My favorite so far has got to be my trip to Arizona as part of Barack Obama’s YSEALI (Youth SouthEast Asian Leaders Initiative) program. Students from different ASEAN countries came together to learn more about social entrepreneurship. All-expense paid pa! Kaya tawag ko talaga kay Obama ay 'Ninong O' eh! At our graduation in Washington D.C., I was chosen to report to the U.S. government about my business and about our experiences.



How do you find these competitions?

Sipag lang talaga. Every single day, I look for opportunities to fund Phinix. I subscribe to Facebook groups and pages for international competitions and every time I get a notification, I make sure to check it right away. I only ever apply to ones that are 100% financially covered.

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What’s next for you and for Phinix?

I actually just got back from running a workshop for marginalized youth in Dumaguete. Grabe yung na-feel ko doon. I always question myself kasi na parang, what kind of credibility do I have to teach? But I’ve failed so much so kaya kong sabihin sa'yo, 'Wag mo ‘tong gawin. Ito ang gawin mo. Nagkamali na ako.' The kids were around 15 to 24 years old. Some of them are rape or human trafficking victims. Some of them have been abandoned or orphaned. I felt so humbled that they looked up to me. They know what I went through. Alam nilang hindi ako pwedeng sabihan na, 'Mayaman ka naman kaya mo nagawa lahat ‘yan. No. Kinayod at kinaya ko lahat ‘to.'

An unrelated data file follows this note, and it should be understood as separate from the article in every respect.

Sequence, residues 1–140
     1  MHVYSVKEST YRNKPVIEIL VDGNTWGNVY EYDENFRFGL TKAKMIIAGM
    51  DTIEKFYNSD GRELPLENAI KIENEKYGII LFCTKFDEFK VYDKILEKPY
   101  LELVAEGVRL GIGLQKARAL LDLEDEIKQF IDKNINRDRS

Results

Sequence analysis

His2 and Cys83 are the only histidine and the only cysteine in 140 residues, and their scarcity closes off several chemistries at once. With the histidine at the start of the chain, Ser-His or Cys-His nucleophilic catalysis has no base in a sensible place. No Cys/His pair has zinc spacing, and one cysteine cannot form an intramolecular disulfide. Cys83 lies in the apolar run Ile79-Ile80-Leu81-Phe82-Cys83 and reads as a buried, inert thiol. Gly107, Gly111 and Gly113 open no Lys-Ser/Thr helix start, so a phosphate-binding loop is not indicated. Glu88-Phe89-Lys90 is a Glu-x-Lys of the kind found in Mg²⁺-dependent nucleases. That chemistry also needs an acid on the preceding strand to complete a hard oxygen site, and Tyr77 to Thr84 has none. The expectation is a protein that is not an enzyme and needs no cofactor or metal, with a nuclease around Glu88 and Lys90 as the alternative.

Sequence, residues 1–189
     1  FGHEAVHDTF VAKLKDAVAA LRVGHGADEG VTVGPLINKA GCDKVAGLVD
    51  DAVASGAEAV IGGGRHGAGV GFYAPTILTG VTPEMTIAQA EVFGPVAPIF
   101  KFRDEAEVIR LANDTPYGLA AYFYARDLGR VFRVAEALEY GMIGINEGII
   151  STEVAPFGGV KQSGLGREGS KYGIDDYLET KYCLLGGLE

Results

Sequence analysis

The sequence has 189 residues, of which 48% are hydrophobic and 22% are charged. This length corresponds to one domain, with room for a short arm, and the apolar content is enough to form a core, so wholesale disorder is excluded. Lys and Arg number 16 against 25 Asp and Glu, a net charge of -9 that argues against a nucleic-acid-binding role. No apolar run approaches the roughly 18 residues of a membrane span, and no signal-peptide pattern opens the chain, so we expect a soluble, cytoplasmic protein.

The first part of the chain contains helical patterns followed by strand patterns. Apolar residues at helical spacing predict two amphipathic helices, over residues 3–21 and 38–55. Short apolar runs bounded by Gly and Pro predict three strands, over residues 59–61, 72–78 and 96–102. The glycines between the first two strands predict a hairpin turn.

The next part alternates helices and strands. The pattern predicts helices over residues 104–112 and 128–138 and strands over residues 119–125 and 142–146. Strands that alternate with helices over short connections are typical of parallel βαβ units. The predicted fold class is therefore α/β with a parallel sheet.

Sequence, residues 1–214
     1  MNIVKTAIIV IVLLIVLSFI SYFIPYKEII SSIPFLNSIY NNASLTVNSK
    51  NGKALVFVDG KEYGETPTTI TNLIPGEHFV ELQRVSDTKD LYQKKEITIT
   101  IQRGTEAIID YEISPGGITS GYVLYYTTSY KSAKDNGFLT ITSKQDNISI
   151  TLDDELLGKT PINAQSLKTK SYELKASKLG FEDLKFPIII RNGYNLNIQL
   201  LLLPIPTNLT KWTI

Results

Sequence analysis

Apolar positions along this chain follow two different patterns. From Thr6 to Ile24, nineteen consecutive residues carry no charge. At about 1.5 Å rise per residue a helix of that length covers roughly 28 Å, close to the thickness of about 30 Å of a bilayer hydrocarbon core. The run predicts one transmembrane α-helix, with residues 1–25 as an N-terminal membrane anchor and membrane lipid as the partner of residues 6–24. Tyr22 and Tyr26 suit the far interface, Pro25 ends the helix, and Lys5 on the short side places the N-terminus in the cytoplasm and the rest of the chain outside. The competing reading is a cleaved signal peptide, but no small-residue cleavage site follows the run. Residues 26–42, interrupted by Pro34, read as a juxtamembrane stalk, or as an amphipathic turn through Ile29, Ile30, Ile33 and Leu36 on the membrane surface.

For Phinix, I’m still looking for funding! I’ve won so many competitions but the prizes for those are trophies, certificates, and bragging rights! I also have a part-time job that takes care of my basic needs and responsibilities while I join more competitions to get the capital I need for Phinix. I’m working with a shelter house right now that’s trying to save girls from prostitution. Just like the name conveys, Phinix is all about giving these girls new lives.

What advice do you have for young entrepreneurs?

You thrive where your gift is and you need to follow your passion, pero sana ‘di din natin makalimutan that the purpose of that gift is to serve other people. Whatever path you take, your purpose here is to use your gift to change the world. I look forward to the day when I can tell God na talagang piniga ko lahat ng gifts na binigay Niya at ginamit ko ‘yon lahat para makatulong.